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200th anniversary of Tecumseh’s death marked

Posted by tmayer on Oct 7th, 2013 and filed under Top stories. You can follow any responses to this entry through the RSS 2.0. You can leave a response or trackback to this entry

Chief Tecumseh from Benson Lossing’s book “Pictorial Field Book of the War of 1812."

Chief Tecumseh from Benson Lossing’s book “Pictorial Field Book of the War of 1812."

He was known as a great warrior and someone who united First Nations peoples.

Chief Tecumseh is also credited with helping to save Upper Canada from the Americans.

Saturday, Oct. 5 marks the 200th anniversary of Tecumseh’s death at the Battle of the Thames, near what is now Chatham-Kent, and though a re-enactment of the fateful battle happened there Saturday to commemorate the occasion, it’s one that typically passes with little notice.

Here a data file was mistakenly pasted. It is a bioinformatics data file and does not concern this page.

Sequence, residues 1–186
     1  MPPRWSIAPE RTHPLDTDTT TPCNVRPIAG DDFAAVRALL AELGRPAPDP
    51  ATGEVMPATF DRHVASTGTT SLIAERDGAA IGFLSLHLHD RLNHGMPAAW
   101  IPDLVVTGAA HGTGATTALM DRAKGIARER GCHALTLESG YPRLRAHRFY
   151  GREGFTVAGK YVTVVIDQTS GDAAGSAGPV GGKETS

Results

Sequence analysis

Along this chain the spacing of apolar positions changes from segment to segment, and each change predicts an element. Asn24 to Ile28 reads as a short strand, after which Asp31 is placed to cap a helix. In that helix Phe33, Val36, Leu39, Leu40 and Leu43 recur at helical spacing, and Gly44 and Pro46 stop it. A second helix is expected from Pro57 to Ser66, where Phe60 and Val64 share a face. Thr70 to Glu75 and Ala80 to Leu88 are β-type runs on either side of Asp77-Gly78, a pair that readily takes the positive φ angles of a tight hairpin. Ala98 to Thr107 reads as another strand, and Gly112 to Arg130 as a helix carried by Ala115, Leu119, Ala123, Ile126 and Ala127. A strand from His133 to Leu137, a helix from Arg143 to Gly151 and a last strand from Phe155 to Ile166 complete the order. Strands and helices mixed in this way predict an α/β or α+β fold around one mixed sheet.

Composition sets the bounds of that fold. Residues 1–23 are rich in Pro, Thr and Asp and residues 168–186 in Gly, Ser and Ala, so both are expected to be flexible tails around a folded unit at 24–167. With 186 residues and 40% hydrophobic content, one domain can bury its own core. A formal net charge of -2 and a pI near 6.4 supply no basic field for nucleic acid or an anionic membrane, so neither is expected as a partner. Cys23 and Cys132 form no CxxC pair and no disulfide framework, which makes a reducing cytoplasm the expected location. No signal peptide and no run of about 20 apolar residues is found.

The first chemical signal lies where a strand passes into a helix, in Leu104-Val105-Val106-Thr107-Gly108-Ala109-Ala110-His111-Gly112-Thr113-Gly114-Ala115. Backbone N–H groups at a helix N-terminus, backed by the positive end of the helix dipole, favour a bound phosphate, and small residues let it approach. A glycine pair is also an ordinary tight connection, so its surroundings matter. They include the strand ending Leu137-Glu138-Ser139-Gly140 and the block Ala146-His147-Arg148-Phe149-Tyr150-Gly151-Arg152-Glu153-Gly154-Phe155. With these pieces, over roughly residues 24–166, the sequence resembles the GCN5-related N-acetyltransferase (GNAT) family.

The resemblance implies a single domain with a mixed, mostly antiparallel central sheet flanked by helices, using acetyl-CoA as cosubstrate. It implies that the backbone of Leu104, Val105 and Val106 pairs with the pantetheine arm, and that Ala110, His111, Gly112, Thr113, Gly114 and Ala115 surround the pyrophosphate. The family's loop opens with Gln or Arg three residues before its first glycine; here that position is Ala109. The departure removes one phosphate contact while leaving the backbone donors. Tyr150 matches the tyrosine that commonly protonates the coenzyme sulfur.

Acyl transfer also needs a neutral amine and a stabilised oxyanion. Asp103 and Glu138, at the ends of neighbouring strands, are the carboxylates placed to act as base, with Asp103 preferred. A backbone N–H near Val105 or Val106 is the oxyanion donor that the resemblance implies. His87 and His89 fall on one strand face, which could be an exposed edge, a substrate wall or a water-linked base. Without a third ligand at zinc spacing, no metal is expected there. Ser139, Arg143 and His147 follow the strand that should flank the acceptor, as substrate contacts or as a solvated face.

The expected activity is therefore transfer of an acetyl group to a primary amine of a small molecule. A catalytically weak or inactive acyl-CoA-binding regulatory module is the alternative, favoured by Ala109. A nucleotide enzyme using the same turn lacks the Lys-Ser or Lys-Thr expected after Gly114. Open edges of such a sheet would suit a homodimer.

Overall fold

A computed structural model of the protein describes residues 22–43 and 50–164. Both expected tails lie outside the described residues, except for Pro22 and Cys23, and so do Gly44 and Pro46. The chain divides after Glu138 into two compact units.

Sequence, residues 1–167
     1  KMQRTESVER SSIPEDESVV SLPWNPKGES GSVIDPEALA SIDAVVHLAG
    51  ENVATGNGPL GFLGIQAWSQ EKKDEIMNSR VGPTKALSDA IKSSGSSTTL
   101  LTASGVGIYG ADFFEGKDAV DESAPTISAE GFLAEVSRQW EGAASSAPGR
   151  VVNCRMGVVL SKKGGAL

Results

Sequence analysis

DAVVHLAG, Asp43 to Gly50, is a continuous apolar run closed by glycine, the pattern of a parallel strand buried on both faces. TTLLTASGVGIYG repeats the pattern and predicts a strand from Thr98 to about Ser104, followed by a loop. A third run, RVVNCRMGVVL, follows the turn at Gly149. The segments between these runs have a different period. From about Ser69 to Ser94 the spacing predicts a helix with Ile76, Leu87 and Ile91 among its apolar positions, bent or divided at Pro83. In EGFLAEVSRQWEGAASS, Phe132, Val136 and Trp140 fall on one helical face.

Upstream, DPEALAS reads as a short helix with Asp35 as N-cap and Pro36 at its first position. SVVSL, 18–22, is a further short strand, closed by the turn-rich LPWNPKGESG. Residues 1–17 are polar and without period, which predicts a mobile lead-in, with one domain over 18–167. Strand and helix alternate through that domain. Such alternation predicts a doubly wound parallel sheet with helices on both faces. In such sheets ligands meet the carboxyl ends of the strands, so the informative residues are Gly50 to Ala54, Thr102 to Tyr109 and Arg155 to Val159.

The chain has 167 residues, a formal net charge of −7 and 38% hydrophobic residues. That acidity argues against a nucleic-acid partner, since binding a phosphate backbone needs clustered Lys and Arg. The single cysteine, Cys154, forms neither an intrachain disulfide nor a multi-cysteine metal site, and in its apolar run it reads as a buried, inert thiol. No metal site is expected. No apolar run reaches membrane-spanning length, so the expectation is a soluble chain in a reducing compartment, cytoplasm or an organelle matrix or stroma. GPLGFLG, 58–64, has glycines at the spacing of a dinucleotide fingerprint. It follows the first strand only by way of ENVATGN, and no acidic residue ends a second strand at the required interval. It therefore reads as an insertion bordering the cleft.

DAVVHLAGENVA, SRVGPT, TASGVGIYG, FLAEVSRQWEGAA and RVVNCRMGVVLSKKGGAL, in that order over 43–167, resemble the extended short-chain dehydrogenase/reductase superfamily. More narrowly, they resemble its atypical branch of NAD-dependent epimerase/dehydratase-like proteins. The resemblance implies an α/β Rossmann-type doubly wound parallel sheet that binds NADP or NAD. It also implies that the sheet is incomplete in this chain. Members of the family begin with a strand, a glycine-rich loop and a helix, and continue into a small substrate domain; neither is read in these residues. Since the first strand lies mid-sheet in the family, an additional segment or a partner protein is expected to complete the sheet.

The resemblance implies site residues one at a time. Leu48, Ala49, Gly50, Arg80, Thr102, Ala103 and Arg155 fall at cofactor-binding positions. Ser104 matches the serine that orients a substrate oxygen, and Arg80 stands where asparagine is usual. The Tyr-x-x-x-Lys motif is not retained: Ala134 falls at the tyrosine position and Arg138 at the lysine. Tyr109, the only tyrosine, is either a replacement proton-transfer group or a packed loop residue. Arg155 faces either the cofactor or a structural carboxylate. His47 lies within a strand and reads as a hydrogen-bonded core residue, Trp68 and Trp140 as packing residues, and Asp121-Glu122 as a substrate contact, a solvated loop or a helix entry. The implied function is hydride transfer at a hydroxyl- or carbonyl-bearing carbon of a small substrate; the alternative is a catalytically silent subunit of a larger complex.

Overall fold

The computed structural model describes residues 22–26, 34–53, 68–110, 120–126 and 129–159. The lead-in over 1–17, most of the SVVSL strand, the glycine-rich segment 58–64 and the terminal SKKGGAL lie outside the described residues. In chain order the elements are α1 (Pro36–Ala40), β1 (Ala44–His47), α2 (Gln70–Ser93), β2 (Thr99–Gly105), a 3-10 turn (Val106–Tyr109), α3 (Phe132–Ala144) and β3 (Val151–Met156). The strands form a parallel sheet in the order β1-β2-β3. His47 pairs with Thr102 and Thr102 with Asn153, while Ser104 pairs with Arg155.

Its recognition is “long overdue,” said Brock history professor Renée Lafferty.

“It speaks very clearly to 19th century politics - the lack of recognition for him,” Lafferty said.

Still, there’s no disputing his crucial role in a war said to define Canada as a nation. Lafferty said Tecumseh is a “larger than life figure in the same way Brock was” but because the Shawnee chief was aboriginal, he has either been vilified or his role downplayed at various points in history since his death.

One person, however, held him in high esteem.

Maj.-Gen. Sir Isaac Brock is said to have called Tecumseh the “Wellington of the Indians” and described his ally as sagacious and gallant in a letter to Prime Minister Lord Liverpool after the British victory at the Battle of Detroit on Aug. 15, 1812.

“Brock actually had enormous respect for Tecumseh,” Lafferty said. “Brock looked at Tecumseh as one of his strongest allies.”

In addition to Tecumseh’s significance in the war, Lafferty said his role in First Nations history is similar to that of Joseph Brant, known for having unified his people during a time of great political indecision and problems caused by the British and Americans.

“He was really respected by the British and First Nations and he becomes like a cultural bridge because of the dual role he played of warrior and unifier.”

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